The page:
An electrophysiology quesiton

Christian Wilms usenet at out-of-phase.de
Tue Feb 10 06:40:26 EST 2004


Xiaoshen Li <xli6 at gmu.edu> wrote:

> I am always confused EPSC and EPSP. In voltage clamp condition, 
> are we measuring EPSCs?

Yes, under voltage clamp you measure you are measuring EPSCs. It tends
to be confusing at first, but after a while one gets acustomed to it.
When you voltage clamp a cell that means you are injecting a current in
order to keep the cell at a constant voltage. What you measure is that
injected current.

When you current clamp a cell you are injecting a constant current into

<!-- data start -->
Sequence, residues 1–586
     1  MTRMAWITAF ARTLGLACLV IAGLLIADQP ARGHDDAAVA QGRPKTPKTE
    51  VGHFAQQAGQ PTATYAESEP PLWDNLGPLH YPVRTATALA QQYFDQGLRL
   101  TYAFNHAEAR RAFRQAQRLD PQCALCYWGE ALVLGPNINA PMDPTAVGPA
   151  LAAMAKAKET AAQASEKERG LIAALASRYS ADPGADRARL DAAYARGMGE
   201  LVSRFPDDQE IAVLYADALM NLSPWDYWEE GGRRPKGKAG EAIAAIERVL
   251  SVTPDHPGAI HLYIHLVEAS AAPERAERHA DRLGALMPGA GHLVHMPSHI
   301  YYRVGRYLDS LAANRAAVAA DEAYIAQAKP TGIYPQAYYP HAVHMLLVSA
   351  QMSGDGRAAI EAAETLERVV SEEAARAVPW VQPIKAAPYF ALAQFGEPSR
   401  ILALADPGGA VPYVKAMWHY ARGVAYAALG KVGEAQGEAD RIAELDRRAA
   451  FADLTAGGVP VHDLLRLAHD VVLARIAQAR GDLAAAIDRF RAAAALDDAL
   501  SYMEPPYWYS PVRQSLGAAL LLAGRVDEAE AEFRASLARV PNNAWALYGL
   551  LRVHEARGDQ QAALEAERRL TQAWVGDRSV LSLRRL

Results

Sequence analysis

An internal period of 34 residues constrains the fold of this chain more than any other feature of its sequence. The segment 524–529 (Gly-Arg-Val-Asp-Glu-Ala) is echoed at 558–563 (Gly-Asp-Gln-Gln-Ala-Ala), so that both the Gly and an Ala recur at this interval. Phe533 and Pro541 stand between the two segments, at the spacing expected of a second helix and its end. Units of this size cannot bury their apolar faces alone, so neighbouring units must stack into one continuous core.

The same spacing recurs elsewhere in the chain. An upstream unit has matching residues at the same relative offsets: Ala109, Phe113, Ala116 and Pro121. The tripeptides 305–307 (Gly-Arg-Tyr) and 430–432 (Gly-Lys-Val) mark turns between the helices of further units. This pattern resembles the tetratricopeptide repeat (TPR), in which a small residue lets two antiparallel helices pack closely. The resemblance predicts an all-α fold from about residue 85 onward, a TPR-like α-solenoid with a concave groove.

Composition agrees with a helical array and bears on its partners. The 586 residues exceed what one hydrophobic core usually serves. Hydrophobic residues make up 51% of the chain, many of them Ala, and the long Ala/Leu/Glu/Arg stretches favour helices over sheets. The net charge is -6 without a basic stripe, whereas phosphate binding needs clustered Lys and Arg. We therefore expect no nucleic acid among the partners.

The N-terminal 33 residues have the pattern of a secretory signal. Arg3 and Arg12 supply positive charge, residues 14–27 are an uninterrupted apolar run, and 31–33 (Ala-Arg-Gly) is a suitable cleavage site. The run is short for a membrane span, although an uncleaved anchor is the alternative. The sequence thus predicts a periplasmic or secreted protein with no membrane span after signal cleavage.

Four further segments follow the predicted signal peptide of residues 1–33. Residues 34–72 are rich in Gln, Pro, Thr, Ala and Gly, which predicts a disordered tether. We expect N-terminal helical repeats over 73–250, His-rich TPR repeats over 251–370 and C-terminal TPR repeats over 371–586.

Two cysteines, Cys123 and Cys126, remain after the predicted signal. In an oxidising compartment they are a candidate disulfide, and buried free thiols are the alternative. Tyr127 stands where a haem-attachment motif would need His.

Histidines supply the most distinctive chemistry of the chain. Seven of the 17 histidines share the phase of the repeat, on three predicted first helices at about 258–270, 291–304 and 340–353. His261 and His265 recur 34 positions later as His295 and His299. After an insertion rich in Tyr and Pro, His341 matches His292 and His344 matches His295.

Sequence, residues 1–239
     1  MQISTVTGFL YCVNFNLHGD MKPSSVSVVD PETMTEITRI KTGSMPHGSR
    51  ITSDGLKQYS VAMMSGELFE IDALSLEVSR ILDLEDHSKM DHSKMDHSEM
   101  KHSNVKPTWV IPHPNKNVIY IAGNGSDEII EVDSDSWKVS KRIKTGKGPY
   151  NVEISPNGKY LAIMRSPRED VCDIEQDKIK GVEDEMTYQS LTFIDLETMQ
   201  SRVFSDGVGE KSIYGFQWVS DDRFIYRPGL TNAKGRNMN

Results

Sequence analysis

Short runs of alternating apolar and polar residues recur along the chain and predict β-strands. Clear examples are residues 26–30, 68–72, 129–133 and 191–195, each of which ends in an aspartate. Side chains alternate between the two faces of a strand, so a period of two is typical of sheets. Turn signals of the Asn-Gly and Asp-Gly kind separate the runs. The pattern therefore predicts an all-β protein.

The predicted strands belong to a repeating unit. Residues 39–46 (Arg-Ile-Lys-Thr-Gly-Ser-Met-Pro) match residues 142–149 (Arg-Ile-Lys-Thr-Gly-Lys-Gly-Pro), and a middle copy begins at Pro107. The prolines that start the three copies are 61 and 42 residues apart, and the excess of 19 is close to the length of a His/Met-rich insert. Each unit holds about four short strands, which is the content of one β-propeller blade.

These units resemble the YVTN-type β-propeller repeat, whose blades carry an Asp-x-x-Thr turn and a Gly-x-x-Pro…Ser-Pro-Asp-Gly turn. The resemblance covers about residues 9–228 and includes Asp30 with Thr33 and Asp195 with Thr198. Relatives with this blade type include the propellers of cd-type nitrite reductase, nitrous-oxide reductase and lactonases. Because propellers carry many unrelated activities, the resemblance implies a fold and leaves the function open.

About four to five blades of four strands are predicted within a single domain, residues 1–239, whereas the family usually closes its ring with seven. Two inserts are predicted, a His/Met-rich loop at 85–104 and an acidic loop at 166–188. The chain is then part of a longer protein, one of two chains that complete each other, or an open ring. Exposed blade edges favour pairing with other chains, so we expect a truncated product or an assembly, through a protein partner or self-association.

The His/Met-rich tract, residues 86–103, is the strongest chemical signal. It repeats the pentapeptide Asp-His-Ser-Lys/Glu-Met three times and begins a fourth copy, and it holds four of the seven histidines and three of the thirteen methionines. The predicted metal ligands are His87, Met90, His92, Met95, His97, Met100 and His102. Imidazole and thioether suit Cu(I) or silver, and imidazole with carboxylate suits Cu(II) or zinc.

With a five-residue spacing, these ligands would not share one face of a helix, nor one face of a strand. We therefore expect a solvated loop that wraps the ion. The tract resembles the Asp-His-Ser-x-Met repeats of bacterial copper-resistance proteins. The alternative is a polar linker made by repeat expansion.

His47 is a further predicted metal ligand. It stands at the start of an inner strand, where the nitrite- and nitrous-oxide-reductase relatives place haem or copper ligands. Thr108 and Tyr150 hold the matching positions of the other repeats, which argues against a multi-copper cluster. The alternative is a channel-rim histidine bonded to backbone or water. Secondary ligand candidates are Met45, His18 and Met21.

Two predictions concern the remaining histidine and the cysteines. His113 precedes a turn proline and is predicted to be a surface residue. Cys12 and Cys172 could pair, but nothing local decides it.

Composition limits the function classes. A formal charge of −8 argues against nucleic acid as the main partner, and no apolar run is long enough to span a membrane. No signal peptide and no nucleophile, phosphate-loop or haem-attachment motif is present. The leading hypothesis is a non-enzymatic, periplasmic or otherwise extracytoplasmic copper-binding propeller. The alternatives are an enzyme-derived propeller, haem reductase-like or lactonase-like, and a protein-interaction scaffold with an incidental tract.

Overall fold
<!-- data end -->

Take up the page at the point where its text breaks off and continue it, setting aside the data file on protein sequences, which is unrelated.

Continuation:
that cell and what you measure is the resulting voltage of the cell (the
cell potential). The name current clamp is a bit misleading, as it
implies that you are keeping the current through the cell membrane
constant, which you are not.

The connection between postsynaptic currents (PSC) and postsynaptic
potentials (PSP) isn't as trivial as it might seem at first. Ohm's law
is only one of the factors, that play a role here. More important is
that the membrane functions as a capacitance _and_ a resistor. Because
of this capacitance PSP are always longer than the PSC which causes
them.

Hoping that I did add too much to your confusion, Chris 



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